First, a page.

Early Explorers Childcare Limited - Northbrook

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About Early Explorers Childcare Limited - Northbrook

Name Early Explorers Childcare Limited - Northbrook
Ofsted Inspections
Address Northbrook Barn Community Centre, Squadron Drive, WORTHING, West Sussex, BN13 3SL
Phase Childcare on Non-Domestic Premises
Gender Mixed
Local Authority WestSussex
Highlights from Latest Inspection

What is it like to attend this early years setting?

The provision is good

The welcoming manager greets the children with a smile at the beginning of the session.

Children are happy and confident. They move around the room, self-selecting their own play from a range of well-set-up activities. The inviting and well-equipped nursery incorporates opportunities which cover all areas of development.

As children explore the appealing book area, staff intuitively read to them. Children concentrate for a period of time as they intently listen to staff, who use good intonation in their voice to bring stories alive. Staff naturally introduce new words, such as 'slimy', as children talk about how ice me...lts.

This widens children's vocabulary and supports their literacy skills. Staff act as positive role models and support children to take care of themselves, others and the environment. Staff help children to settle in quickly and are responsive and sensitive to the children's individual needs.

For example, staff offer a cuddle and a smile when children need reassurance or support. Behaviour is good. Children learn to share, negotiate and play collaboratively with one another.

For instance, children wave each other over to encourage those peers who are less confident to join in, before sharing the toy hammer between them.

What does the early years setting do well and what does it need to do better?

The nominated individual understands her roles and carry these out effectively. She completes regular reviews of the nursery to ensure that managers are well supported and areas for improvement are identified.

For example, the nominated individual has introduced a special educational needs and/or disabilities coordinator to oversee all nurseries within the group. This supports training needs and ensures good practice is disseminated. As a result, children with additional needs are well supported and make good progress from their starting points.

The manager knows her staff well and completes effective supervisions to support her staff's professional development. She gives them specific feedback to improve their practice and works with them to identify training needs.Staff form strong bonds with their key children, which helps the children to feel happy, safe and secure.

This supports children's emotional well-being. Staff know their children well and plan teaching based around their individual interests and next steps. This motivates children to learn.

Staff praise children's achievements, and this encourages their perseverance. For instance, staff encourage children to keep trying when squeezing the top of a pipette to draw the water up. However, as children adapt their play, staff do not always use their observations to follow the children's lead and extend their knowledge and skills further.

The children have opportunities to develop their physical skills and enjoy fresh air in the garden. Children can evaluate risk as they climb up slopes and use large movements as they run around. They enjoy healthy food choices and learn how to stay safe as they cut up fruit using a knife.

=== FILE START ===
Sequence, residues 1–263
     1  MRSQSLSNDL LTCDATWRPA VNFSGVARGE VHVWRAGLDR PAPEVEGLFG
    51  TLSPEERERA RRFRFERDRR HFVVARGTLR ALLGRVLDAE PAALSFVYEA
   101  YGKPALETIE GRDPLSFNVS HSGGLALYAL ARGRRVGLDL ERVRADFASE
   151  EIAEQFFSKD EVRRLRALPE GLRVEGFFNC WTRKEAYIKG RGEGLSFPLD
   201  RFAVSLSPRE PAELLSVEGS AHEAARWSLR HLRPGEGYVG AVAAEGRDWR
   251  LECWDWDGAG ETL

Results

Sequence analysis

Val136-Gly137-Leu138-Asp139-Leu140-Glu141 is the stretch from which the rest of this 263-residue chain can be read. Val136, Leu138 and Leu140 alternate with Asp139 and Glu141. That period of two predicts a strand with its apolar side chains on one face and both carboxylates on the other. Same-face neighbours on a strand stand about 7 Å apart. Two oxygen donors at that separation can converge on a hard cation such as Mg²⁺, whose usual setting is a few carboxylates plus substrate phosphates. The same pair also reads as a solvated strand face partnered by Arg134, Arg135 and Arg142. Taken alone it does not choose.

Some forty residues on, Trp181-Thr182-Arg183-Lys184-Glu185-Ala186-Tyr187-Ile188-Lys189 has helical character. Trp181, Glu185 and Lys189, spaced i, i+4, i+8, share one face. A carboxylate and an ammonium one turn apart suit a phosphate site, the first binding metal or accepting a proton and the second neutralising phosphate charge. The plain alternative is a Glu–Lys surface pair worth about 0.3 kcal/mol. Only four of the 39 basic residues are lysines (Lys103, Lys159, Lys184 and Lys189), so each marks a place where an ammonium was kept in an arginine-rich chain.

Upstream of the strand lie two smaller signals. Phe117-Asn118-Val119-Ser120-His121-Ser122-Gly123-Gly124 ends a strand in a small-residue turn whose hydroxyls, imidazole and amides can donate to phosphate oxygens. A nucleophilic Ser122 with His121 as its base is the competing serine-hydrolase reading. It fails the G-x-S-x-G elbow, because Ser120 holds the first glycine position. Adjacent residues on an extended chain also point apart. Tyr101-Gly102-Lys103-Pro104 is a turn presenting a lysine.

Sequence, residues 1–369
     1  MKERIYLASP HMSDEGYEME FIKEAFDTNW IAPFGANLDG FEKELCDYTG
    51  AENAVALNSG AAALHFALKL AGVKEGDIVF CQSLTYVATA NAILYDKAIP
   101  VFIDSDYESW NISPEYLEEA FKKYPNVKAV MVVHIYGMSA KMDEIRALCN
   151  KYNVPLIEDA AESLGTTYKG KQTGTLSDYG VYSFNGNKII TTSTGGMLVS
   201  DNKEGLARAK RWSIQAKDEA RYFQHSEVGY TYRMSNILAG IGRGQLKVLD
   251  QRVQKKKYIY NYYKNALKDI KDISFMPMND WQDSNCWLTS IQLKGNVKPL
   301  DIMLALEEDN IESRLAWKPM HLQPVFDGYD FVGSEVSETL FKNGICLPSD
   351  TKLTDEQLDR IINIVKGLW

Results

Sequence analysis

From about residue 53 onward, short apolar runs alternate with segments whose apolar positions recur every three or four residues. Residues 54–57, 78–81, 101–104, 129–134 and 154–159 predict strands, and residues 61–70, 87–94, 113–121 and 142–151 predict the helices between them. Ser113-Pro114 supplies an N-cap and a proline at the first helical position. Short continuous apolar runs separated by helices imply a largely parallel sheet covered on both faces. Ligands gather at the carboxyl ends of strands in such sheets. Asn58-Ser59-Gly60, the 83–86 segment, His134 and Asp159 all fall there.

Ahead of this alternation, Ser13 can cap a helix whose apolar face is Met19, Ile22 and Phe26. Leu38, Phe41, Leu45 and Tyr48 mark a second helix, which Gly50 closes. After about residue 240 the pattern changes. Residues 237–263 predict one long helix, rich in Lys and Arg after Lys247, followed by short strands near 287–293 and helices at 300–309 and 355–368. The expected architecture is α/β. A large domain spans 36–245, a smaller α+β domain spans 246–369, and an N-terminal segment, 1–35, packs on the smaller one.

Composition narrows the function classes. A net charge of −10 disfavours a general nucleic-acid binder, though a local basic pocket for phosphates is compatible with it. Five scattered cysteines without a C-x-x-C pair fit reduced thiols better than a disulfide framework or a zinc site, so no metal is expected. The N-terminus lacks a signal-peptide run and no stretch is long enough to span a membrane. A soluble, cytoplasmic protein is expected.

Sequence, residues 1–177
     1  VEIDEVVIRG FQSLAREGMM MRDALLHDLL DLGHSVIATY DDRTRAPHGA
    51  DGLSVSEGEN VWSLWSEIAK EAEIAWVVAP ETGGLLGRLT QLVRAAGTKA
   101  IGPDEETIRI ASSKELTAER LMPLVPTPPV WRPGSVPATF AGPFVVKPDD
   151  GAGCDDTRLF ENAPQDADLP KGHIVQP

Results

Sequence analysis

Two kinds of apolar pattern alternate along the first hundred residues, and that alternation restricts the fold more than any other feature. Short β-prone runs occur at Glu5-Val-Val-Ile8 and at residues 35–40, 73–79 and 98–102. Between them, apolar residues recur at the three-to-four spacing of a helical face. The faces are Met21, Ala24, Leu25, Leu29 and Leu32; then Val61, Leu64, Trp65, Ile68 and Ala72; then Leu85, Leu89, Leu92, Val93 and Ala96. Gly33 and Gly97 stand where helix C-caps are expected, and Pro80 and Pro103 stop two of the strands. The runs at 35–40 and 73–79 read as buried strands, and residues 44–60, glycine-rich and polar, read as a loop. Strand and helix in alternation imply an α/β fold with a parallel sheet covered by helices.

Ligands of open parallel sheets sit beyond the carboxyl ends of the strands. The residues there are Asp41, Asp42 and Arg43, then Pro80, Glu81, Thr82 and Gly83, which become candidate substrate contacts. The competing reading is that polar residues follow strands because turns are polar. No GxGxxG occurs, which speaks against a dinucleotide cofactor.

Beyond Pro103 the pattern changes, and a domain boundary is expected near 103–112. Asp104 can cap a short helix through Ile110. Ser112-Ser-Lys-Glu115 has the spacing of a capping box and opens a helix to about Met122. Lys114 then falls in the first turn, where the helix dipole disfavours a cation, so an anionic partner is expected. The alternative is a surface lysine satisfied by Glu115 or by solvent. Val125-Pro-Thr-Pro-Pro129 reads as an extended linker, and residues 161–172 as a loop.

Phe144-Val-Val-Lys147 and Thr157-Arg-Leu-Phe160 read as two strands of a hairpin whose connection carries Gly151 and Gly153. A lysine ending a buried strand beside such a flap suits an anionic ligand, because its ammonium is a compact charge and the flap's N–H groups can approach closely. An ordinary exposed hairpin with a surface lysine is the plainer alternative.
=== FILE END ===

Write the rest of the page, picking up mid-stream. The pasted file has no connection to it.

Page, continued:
Nevertheless, children are not always afforded the time and space to carry out self-care skills that will enhance their independence to the highest level.Parents value the nursery. Staff gather information about children before they start and use this to build on children's prior learning.

Parents attend regular consultations which keep them up to date with their child's progress. They receive ideas for home learning, which ensures a collaborative approach.The manager and her staff have reflected on the experiences that children do not always have the opportunity to take part in.

Consequently, they have developed a curriculum that offers children 'awe and wonder'. For instance, children enjoy a trip on a coach to the local zoo to experience the wider world.The manager is a strong practitioner and works hard to ensure that all children have fun and creative learning opportunities.

The manager and staff use good teaching techniques to promote children's communication and language skills. They repeat back words for younger children and build on sentences for older children. However, on occasions, questions asked do not always extend children's thinking skills and offer challenge in their learning, particularly for older children.


The arrangements for safeguarding are effective.The manager and staff attend safeguarding training and can identify possible signs and symptoms of abuse. They know the steps to take should they become worried about a child or family and are aware of the correct processes to follow should they have a concern.

The manager, who is the designated safeguarding lead, understands wider safeguarding issues such as the 'Prevent' duty and disseminates her knowledge to all other staff. The manager has strong procedures in place for the safe recruitment of staff and has a good induction process to ensure staff know their roles and responsibilities.

What does the setting need to do to improve?

To further improve the quality of the early years provision, the provider should: further strengthen the opportunities for children to develop their independence during daily routines make the most of all opportunities to follow children's lead and extend play experiences to ensure children are fully challenged in their learning broaden the range of questions used so that they continually build on children's thinking skills.

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